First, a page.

Wednesday, April 1, 2015

Blog Tour Review: Helen of Sparta by Amalia Carosella

From the Back Cover:

Long before she ran away with Paris to Troy, Helen of Sparta was haunted by nightmares of a burning city under siege. These dreams foretold impending war—a war that only Helen has the power to avert. To do so, she must defy her family and betray her betrothed by fleeing the palace in the dead of night. In need of protection, she finds shelter and comfort in the arms of Theseus, son of Poseidon. With Theseus at her side, she believes she can escape her destiny. But at every turn, new dangers—violence, betrayal, extortion, threat of war—thwart Helen’s plans and bar her path. Still, she refuses to bend to the will of the gods.

A new take on an ancient myth, Helen of Sparta is the story of one woman determined to decide her own fate.

My Thoughts:

I was drawn to this book because I loved the idea of Helen of Sparta, not Helen of Troy. What a brilliant idea to tell the story of who Helen was before Paris entered the picture.

Helen of Sparta is very well written, offering a fascinating glimpse into Spartan society. I hadn't been expecting to get so much of Theseus, and I was pleasantly surprised at his relationship with Helen and the strength of his character throughout the story. He's a dreamboat. There's a good cast of supporting characters too, including Helen's brothers, Pollux and Castor, Pirithous, King of the Lapiths and Theseus's best friend, and there's even an encounter with a young and then-unknown Paris. Even Menelaus comes off as sympathetic in the beginning before his desire for Helen and the power he believes is his due twists him into an unrecognizable version of Helen's childhood friend.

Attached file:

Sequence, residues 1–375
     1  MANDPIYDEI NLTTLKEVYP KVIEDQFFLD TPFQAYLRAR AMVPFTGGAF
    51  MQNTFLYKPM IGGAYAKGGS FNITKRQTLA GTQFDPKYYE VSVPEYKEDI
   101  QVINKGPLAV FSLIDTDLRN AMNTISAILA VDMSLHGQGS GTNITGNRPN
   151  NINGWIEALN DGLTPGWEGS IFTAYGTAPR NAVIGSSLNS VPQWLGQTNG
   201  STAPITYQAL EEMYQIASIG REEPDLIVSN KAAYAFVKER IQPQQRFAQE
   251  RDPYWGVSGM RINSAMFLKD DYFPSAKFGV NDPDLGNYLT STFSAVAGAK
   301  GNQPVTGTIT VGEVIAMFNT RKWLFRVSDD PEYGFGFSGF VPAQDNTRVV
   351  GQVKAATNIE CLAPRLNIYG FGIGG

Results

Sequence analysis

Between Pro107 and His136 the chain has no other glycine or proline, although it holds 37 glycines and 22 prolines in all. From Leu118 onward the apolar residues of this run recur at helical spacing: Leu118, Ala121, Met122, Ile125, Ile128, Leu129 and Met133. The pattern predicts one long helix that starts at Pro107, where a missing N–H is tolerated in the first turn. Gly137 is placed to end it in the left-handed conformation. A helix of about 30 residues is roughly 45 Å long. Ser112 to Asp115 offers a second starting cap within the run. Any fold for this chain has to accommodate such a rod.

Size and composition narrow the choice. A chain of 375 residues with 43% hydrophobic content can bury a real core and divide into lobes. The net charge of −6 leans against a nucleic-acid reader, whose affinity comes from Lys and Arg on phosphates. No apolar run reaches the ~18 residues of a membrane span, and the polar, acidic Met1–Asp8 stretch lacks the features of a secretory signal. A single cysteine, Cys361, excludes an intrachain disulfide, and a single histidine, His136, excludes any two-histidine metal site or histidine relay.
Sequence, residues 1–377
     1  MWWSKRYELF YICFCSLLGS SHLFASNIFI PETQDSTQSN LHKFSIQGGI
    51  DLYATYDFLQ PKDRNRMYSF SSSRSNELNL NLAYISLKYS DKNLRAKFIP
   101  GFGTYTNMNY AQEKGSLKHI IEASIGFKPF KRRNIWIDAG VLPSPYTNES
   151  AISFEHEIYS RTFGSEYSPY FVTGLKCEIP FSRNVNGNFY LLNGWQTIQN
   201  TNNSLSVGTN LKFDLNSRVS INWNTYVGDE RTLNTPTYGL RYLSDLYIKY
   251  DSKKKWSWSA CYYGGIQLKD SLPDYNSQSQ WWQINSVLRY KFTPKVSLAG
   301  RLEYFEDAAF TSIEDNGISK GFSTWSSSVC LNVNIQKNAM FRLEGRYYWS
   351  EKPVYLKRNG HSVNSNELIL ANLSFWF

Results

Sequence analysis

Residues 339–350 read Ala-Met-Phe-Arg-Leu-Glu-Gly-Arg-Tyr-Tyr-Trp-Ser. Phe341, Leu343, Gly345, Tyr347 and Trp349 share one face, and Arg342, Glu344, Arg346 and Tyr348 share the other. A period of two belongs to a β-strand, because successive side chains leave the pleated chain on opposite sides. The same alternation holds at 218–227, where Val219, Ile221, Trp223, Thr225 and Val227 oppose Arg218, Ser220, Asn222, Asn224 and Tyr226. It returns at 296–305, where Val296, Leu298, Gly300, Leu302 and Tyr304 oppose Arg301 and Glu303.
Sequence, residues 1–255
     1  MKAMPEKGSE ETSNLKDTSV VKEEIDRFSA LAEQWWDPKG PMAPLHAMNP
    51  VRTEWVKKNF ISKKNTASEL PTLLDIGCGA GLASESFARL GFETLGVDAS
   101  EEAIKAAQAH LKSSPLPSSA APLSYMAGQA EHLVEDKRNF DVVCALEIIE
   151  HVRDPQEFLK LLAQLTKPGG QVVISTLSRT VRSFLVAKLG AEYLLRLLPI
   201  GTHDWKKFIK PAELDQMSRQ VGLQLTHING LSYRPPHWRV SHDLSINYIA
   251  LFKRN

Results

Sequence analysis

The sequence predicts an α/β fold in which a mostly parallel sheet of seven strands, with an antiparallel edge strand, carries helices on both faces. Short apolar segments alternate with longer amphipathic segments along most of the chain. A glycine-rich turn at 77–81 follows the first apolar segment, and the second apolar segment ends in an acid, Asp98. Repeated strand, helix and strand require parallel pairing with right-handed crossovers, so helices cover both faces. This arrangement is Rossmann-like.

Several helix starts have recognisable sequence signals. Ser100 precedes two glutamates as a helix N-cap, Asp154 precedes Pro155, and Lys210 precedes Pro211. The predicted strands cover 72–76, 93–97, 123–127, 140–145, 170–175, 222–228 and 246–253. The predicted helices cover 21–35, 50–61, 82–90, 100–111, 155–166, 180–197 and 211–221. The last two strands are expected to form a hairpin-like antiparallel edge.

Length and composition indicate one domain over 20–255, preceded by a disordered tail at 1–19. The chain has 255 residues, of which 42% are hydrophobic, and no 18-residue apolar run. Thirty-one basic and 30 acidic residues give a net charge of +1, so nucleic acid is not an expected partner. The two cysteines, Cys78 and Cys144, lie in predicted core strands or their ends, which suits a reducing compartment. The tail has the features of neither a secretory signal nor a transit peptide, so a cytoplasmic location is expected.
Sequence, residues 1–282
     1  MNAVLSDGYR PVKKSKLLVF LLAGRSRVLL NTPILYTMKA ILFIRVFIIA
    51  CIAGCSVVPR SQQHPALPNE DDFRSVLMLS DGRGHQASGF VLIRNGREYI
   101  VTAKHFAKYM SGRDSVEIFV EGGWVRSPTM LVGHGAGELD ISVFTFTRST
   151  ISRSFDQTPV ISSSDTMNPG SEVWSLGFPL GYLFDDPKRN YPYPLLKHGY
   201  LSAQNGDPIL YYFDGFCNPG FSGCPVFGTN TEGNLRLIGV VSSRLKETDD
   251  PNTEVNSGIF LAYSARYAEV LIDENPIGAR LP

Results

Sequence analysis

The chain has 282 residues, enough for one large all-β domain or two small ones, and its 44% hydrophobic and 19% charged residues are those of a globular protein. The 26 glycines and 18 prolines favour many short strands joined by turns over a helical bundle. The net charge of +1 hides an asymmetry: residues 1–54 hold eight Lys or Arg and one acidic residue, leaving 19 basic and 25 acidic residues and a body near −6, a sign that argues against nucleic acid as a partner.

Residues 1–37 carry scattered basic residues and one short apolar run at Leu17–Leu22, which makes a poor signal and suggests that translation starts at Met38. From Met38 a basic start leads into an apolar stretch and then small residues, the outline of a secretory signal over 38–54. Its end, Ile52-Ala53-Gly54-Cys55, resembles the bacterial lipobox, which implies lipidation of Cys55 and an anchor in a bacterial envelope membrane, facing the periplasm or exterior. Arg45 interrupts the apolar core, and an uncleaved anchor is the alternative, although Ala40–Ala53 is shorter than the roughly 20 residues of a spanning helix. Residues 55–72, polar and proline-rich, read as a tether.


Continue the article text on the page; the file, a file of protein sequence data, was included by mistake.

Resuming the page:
I hoped this book would give me a new view of Helen, of a Helen that was not just a prize or a pawn or nothing but a pretty face. And it does, though I can't say that I was totally enamored of her. She has a bit of a tough go of it. Her mother, Leda, despises her as the daughter of rape at the hands of Zeus, and Zeus has never made his presence known in Helen's life, something she is pretty bitter about. Suffice it to say she has some major daddy issues! Sometimes she was truly strong, brave, and smart, but other times she was incredibly obstinate. I get being pissed off at the gods, but after they've already proven how miserable they can make your life, as well as what they can do to your loved ones, to be willfully rude and disrespectful is just not a smart thing to do, and Helen ends up bringing a lot of heartache on herself. But her flaws make her more believable, and the reader can't help but root for her.

Though I found the pacing to be a bit slow at times, an exciting sequence of events leads up to the conclusion, but then it ends just as the beginning of the story we all know kicks into gear. I was surprised at the abrupt ending just as Helen's life was about to be forever changed, and I anxiously scoured the internet looking for news of a sequel, but I couldn't find any. I'm familiar with the basic story of Helen's departure with Paris and the war that follows, but I was hoping to get it from Helen's point of view in Amalia Carosella's capable hands. Plus I don't know what happens to Helen after Troy falls, and I was really hoping to find out. So if there is not a sequel and that ending stands as is, then I am not completely satisfied, and I'm going to bump my rating down a notch. But I'm crossing my fingers for that sequel!

**Update: There is a sequel! Yay!!! My four-star rating stands, and I am looking forward to the continuation of Helen's story :)

My Rating:  4 Stars out of 5

Helen of Sparta is on a blog tour!

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